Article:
The long-run costs of moderate inflation
AbstractLong-run price stability is generally considered to be a primary goal of monetary policymakers in many countries. One reason policymakers care about inflation is that it can harm economic performance. Numerous studies of the impact of inflation on economic performance have focused on whether increases in inflation reduce economic growth in the long run These studies have found that prolonged high inflation does in fact reduce economic growth, but they were not able to detect a significant long-run relationship between real growth and low or moderate inflation. Because anti-inflationary policies typically have short-run costs, such as higher unemployment and slower economic growth, the results from these studies may lead people to ask whether such policies are appropriate when inflation is low or moderate.> Hess and Morris contend that anti-inflationary policies may be appropriate, even if low to moderate long-run inflation does not reduce long-run growth, if inflation harms the economy in other ways. Three potentially harmful consequences of inflation are considered: (1) inflation uncertainty, (2) real growth variability, and (3) relative price volatility. These consequences are costly because they reduce economic efficiency and therefore the level of economic output and consumer welfare.> The authors discuss the costs of inflation uncertainty, real growth variability, and relative price volatility, and examine their empirical relationship with inflation. They show that inflation uncertainty, real growth variability, and relative price volatility all tend to rise as long-run inflation rises from low to moderate levels. As a result, they conclude that policymakers may find it justifiable to pursue anti-inflationary policies even when inflation is low.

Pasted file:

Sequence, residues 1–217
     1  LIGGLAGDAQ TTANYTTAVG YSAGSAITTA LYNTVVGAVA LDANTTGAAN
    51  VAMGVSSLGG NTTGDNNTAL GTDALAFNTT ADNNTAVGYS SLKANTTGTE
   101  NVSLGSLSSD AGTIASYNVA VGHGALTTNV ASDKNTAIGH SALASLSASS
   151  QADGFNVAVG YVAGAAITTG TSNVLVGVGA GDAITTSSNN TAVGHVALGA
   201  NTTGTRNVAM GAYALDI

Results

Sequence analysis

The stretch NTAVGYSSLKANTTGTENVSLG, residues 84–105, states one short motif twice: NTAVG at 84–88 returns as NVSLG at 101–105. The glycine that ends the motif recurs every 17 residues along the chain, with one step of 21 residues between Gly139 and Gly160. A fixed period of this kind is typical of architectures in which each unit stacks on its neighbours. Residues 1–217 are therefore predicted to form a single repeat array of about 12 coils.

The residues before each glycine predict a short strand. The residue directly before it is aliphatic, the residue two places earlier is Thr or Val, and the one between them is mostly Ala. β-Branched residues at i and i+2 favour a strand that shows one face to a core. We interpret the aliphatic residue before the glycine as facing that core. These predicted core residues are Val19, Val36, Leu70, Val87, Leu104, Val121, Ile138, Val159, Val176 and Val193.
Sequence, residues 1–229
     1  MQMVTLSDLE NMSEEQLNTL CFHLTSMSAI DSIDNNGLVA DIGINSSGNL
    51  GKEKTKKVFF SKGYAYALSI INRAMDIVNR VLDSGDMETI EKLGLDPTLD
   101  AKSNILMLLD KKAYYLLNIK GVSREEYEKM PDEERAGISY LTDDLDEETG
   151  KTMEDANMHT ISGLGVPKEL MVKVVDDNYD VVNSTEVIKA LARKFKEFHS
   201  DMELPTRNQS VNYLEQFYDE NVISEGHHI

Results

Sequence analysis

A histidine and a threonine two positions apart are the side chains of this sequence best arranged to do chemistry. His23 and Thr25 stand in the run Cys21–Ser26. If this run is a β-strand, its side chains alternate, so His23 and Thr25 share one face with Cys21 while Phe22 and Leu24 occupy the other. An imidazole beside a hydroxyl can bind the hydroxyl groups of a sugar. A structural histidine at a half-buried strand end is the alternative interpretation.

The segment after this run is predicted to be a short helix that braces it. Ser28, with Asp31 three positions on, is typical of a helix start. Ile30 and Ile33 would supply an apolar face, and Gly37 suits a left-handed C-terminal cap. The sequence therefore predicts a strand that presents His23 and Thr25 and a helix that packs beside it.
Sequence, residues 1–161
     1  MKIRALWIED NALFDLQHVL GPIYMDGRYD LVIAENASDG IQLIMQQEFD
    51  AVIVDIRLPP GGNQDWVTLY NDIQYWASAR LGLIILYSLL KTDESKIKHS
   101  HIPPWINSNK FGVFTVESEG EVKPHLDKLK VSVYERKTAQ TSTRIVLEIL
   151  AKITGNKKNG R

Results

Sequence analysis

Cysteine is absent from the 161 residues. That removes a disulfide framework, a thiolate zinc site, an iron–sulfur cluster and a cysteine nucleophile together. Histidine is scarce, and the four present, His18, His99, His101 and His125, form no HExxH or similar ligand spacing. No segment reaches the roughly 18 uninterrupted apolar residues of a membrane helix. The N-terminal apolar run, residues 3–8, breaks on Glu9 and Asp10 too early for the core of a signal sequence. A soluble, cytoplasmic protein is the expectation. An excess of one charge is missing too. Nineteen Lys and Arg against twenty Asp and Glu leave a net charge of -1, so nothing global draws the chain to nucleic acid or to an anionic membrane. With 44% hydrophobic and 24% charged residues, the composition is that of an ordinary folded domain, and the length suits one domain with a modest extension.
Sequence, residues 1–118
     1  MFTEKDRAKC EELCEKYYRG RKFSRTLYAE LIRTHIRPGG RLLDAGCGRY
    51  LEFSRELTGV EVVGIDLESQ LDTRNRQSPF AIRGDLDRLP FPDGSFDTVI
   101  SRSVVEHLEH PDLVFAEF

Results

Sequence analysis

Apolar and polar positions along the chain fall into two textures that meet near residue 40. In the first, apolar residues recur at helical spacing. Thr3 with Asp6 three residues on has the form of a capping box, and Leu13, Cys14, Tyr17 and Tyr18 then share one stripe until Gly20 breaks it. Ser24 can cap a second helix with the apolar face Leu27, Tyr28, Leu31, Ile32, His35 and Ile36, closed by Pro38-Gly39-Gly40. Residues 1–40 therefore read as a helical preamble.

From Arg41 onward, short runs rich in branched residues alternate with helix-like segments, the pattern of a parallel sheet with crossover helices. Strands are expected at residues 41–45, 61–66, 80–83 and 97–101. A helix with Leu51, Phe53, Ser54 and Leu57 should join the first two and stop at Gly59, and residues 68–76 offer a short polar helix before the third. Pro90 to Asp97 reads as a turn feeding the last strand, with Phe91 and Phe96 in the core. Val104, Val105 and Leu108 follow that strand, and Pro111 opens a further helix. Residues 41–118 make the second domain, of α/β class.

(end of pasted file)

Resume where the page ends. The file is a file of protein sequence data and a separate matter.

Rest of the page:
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Bibliographic InfoArticle provided by Federal Reserve Bank of Kansas City in its journal Economic Review.
Volume (Year): (1996)
Issue (Month): Q II ()
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